Running Classes Reduce Injury and Increase Enjoyment

What could be a simpler or more natural physical activity than running? Unlike tennis, golf or many other sports, runners just need to buy good shoes, find a nice park or path, and off they go. In fact, in this country alone, about 11 million adults are committed runners, devoted to their regular pursuit of toning their body and calming their mind. But unfortunately running has a surprisingly high rate of injuries, with around 65% of runners injuring themselves each year. The desire to run injury-free is one of the main reasons that an increasing number of America’s runners are doing something they’d not have imagined—signing up for running classes.


Bob Glover is founder and director of the New York Road Runners’ (NYRR) Running Class program and coauthor with his wife Shelly of several books including The Runner’s Handbook (Penguin). Although running classes started popping up all over the country in the last few years, Glover says his classes were the first—he’s been teaching them since 1978. Over the nearly 30 years since then, he has taught a multitude of running groups from beginners to elite race marathoners. We spoke recently about what running classes can teach current runners, not to mention newbies who want to hit the road.

Glover says that one of the most important functions of running classes is to teach people how to train wisely, a focus that is especially evident in classes for beginning runners. The reason this is so important is that many—maybe even most—people have no idea how to pace themselves and, in a gung-ho spirit, end up overtraining. The mind, heart and lungs may be willing, says Glover, but an hour pounding the road can stress the musculoskeletal system. A more gradual introduction is better in that it allows the body to get used to the stress running places on various systems, explains Glover, who has beginners run at least three times per week, in class once or twice a week and then with “homework” sessions of carefully prescribed runs on their own. After warming up with walking they alternate running and walking for 20 minutes, gradually building up to 20 minutes non-stop by the end of the 10-week program. Training correctly gets runners fitter, faster. Less apt to injure themselves, they are therefore more likely to be successful, he says.

The second benefit of classes for new runners is one found in every kind of class, at every level—other people. Running can be a solitary pursuit, which is what many love most about it. Classes, however, can provide a balancing opportunity to meet and train with others who are at similar levels and like-minded in their enthusiasm for, and commitment to, running. People enjoy making new friends…being in a group is more fun and the sense of competition it provides often improves their running, says Glover.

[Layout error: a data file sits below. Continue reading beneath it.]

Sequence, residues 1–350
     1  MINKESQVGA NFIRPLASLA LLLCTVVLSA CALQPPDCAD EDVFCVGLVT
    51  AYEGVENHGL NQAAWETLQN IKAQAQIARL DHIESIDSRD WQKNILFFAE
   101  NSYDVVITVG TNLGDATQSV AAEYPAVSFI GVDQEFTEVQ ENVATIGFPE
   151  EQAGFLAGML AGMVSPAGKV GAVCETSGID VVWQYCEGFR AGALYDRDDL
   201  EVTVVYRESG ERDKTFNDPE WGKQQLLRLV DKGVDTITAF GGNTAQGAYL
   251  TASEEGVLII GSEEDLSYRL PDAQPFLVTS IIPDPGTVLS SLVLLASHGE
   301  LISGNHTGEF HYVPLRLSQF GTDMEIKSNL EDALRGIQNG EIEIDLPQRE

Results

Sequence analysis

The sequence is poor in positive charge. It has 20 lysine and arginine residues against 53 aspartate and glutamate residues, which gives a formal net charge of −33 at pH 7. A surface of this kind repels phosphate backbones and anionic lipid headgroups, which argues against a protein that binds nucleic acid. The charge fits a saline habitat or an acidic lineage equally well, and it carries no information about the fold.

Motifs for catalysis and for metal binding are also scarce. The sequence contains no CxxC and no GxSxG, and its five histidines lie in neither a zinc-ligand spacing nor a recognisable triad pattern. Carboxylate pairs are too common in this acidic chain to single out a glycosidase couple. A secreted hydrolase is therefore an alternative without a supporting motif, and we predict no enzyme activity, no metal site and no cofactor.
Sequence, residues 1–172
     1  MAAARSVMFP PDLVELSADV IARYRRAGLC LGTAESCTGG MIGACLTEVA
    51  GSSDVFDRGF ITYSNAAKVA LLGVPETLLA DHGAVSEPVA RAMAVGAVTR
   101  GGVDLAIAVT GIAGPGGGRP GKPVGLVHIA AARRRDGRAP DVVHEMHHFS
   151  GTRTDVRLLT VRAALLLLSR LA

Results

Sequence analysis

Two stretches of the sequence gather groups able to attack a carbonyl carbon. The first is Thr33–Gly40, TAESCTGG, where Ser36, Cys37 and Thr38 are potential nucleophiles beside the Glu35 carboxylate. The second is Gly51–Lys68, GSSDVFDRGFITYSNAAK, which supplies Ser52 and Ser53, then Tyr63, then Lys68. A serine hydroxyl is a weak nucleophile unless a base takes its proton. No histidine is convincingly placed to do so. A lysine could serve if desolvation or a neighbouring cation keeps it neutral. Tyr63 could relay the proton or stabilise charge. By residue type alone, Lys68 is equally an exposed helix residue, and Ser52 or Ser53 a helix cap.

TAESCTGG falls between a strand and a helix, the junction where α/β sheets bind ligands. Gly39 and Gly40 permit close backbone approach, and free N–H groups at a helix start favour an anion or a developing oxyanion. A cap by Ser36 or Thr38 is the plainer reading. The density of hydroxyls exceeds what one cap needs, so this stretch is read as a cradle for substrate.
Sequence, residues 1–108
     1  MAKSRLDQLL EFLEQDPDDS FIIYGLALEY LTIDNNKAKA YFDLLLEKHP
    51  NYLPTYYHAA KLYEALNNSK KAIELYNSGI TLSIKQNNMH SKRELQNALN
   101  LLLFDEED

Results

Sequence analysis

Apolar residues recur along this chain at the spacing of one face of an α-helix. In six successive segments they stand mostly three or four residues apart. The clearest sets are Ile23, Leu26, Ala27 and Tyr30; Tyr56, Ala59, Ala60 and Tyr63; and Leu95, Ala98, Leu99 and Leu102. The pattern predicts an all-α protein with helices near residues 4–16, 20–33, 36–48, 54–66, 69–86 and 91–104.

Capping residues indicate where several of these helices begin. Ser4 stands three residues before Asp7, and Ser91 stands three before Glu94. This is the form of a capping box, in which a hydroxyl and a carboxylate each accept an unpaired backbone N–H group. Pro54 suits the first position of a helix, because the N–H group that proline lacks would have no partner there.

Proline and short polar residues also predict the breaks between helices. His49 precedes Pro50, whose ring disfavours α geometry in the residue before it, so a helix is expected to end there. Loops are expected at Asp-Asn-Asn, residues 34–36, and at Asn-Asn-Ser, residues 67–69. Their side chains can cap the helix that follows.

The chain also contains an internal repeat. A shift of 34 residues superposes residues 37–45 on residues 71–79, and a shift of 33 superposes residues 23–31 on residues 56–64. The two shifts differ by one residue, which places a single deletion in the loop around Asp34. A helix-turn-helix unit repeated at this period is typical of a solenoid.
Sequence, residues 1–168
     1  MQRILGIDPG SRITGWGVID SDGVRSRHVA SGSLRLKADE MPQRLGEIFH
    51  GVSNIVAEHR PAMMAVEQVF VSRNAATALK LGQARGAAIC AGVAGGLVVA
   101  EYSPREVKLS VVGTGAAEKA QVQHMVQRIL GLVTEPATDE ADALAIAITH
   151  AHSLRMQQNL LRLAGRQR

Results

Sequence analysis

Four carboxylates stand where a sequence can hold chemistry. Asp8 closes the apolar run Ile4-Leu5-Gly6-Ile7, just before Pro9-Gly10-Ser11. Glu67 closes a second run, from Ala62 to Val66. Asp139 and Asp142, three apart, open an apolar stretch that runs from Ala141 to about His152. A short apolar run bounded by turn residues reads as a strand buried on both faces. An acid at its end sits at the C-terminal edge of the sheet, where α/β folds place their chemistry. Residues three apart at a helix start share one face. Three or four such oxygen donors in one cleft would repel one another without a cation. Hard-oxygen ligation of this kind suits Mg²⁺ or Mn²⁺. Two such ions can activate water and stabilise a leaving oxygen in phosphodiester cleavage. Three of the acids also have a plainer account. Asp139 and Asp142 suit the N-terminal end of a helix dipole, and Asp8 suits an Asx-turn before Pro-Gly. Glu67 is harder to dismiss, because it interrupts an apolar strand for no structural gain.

To beginners, coaches teach proper form in order to start them out correctly. Sometimes it’s a greater challenge to work with experienced runners, correcting flaws in their form that may be deeply entrenched and take a while to overcome. Glover says that the form problem he sees most often is an improper gait caused by running on the toes. This kind of running style can lead to several physical problems with the Achilles tendon and other tendons in the foot, along with painful shin splints. The other form error Glover sees frequently is when people carry their arms too high while running. Holding your hands higher than your waist as you run puts a strain on the upper back muscles, he says, which causes back pain and reduces running efficiency. Experienced runners can also improve their speed and efficiency with such techniques as interval training, varying distances and mastering the challenges of hill running.

As an example of running programs, the NYRR’s running classes are made up of 10-week sessions throughout the year, with classes once or twice a week that last about one and one-half hours. Many people have taken lessons for 15 or 20 years, says Glover, adding that they find lessons offer satisfaction similar to being on a team or taking a regular yoga class. Other people drop in to polish their running skills, taking a few lessons now and then as a way to keep the sport fresh and set new challenges for themselves. Size of classes can vary from a few to many, depending on the skill level of the group and their running pace. Running with lots of people at the same pace helps you push yourself for a really good workout, says Glover—which is a point that the many race runners and marathoners who compete regularly around the country can attest to.

If you are interested in joining a running class, Glover suggests checking around with other runners, local running stores and running clubs for recommendations. An ideal coach is one who is flexible, motivational and who designs workouts appropriate for your age and level. Additionally, there are a number of running camps around the country where you can go for a week, train in classes and run around lakes or in the mountains. Glover notes that these can be valuable for enhancing your running prowess—and are a whole lot of fun. Running Times magazine has a long list of camps you can choose from for your next vacation.